By Dave Buchanan
On a recent frosty fall morning somewhere on Glade Park southwest of Grand Junction, Kenny Crowley lifted his head from the task at hand and looked around him.
“This is my first buck and I’m very humble” for the opportunity, Crowley, a former U.S. Army captain, told his guide, Chance Graham of Graham Outfitters on Glade Park. “The excitement will be in the memories … that will live forever.”
Crowley’s non-typical 5-by-4 buck was the culmination of another successful hunt managed by Chance and Chasity Graham as part of the Base Camp 40 Warriors in the Wild program run by Paul Bristol of Fruita.
Crowley’s comments were captured on a video recorded by Bristol.
You can say that all of Bristol’s hunts end successfully, since killing an animal isn’t topmost in what Bristol wants to provide to veterans.
It’s always nice to go home with some meat and maybe a trophy with a story to match, but Bristol sees much more in his still-growing, veterans-oriented program.
“A lot of the guys we have up here have never heard an elk bugle or seen a sunrise in the wild,” said Bristol, whose program gets its name from the game management unit where his operations take place. “I’ve found some of these vets, once they get out of the service, get so lost in their struggle to survive they forget there are people out here who care.
“We just want to open that door to where they can find that peace.”
Bristol’s original plan wasn’t a hunting program at all. Instead, he simply wanted to honor the hospice workers who cared for his father, Rock, in his final years up to his death in September 2010.
Bristol and his newly founded Whistler Entertainment sponsored a music concert at Two Rivers Convention Center with the Conroe, Texas-based Scooter Brown Band, but while the event won rave reviews from attendees, there weren’t enough attendees and unfortunately the evening finished well short of being a success.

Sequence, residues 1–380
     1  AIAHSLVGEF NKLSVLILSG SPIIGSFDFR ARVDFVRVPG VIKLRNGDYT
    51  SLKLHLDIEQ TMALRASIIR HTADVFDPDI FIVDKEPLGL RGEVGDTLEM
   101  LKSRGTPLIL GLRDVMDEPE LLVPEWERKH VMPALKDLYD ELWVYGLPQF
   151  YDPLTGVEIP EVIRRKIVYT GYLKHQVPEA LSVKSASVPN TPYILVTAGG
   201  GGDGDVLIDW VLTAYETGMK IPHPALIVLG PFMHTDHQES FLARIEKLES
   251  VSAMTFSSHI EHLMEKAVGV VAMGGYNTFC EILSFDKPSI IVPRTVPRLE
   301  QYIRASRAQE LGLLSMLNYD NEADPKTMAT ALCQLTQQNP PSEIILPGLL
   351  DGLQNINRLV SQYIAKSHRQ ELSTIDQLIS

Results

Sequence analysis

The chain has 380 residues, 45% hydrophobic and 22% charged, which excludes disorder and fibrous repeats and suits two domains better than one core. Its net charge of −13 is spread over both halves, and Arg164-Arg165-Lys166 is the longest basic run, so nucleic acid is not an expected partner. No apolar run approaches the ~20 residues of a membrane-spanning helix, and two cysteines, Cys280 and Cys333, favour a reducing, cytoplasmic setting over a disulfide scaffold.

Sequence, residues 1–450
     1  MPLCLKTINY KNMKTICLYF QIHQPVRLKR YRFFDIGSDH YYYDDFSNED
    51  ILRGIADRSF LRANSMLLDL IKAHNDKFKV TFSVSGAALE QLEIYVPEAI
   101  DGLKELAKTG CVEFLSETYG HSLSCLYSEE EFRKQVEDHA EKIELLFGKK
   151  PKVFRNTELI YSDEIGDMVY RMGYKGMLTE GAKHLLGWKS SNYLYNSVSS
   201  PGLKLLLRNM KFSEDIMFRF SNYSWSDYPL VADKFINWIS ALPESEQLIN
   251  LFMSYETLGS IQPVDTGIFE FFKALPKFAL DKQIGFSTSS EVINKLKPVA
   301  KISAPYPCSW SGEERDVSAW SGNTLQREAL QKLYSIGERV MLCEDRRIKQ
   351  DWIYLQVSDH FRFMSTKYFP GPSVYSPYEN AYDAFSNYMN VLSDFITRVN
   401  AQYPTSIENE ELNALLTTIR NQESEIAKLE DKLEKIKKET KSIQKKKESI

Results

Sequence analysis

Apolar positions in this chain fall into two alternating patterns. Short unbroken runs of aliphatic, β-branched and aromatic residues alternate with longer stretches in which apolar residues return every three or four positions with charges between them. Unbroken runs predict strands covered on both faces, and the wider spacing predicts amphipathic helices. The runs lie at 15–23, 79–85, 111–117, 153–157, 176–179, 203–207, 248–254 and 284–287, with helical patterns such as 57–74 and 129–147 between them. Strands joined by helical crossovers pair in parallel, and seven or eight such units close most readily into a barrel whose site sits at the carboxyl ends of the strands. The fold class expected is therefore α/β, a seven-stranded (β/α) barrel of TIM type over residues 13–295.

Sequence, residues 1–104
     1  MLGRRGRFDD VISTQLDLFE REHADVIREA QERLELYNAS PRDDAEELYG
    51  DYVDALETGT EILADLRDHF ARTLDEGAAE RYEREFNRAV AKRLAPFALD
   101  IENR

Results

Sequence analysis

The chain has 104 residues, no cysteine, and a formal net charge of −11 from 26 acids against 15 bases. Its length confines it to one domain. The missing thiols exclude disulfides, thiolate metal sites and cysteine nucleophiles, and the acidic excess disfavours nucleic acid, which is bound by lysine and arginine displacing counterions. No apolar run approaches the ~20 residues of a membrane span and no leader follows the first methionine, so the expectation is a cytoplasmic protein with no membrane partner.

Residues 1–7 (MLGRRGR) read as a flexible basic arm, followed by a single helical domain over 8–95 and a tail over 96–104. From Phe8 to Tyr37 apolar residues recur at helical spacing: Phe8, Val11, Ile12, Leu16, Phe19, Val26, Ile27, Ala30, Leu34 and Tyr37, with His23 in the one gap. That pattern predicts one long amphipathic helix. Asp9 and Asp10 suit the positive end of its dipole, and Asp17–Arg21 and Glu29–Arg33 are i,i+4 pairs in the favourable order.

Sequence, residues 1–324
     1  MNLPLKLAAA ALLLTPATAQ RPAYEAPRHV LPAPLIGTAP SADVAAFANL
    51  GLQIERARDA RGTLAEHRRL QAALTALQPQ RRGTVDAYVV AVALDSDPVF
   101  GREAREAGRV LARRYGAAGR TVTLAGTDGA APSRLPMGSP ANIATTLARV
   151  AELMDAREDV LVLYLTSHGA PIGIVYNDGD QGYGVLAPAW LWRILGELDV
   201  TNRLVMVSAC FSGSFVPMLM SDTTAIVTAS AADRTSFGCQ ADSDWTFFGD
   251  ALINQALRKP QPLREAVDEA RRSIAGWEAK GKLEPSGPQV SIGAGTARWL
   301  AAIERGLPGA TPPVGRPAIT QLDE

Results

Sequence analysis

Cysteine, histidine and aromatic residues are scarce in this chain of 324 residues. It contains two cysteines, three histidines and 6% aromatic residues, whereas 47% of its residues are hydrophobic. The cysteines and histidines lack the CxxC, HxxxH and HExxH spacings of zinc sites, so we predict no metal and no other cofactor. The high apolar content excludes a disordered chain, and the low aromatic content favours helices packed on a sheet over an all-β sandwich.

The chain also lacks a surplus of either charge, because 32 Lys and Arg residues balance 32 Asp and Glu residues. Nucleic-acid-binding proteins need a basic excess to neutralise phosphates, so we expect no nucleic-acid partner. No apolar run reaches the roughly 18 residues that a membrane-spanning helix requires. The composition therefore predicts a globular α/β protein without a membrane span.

“I had to refinance my house and maxed out everything I could to pay off” the bills, said Bristol, a former high-school baseball coach whose experience includes extended tenures at Fruita and Grand Junction high schools. He now works for the Union Pacific Railroad.
“But I decided to hold a ranch party on Glade Park to thank the folks who supported me,” Bristol said, and among his guests was Scott Brown, lead singer for the Scooter Brown Band.
During the day-long party, Bristol took Brown, himself a former Marine, to see the view from the north rim of Unaweep Canyon and while they were talking, the two men discovered they shared a desire to help returning veterans find their place in the post-military world.
The idea grew and a couple years later Warriors in the Wild was born. Brown now is the BC40 assistant director.
One of the first vets to participate was Chris Kyle, the U.S. Navy Seal sharpshooter who served four tours in the Iraq War and whose life is memorialized in the movie “American Sniper.”
“Chris went back to Texas and told his dad that it was the greatest thing that ever happened to him,” Bristol said, his voice soft and a bit sad. “He always was talking about doing things for vets. And then he was killed before he could come out again.”
Bristol took that as motivation and today, thanks to a lineup of guides, outfitters and private ranches, he is able to provide guided deer and elk hunts for both injured and able-bodied veterans.
“This isn’t about us, it’s about the vets,” Bristol said. “Some the guys who come here aren’t injured but they’ve sort of disappeared into the woodwork. We try to find those guys and open some doors for them.”
Bristol has a crew of talented volunteers, including both veterans and nonveterans, helping him arrange the hunts.
Interested vets can contact Bristol through the website (www.bc40hunts.com) and put their names on the waiting list.
“We try to get combat-injured vets first, then combat vets and then any vets, Bristol said. “We get a lot of requests and right now we just can’t take everyone.”
As the program has grown, so have the dreams. One big goal is someday to have an actual Base Camp 40, Bristol said.
“It’s a dream, for sure, but why not?” he asked. “Maybe 500 acres on Glade Park. We’re in the process of raising funds, but it’s going to take a lot of money.” Having a physical base camp would allow the program to expand, Bristol said, and be able to include youngsters and cancer survivors and “just offer a place to heal.”
He talked about how one young Texas veteran named Jonah, who had never before his hunt heard an elk bugle, saw his life change.
“We were on a stand and when he heard that elk bugle, his eyes were as big as saucers,” Bristol recalled with a laugh. “That bull eventually ran away and even though there were lots of cows still around, Jonah got up to leave.
“I asked him where he was going, and he told me, ‘I don’t have to stay for anything else. I just heard God speak.’ ”
For more information about Base Camp 40 and the Warriors in the Wild hunts, go to www.bc40hunts.com.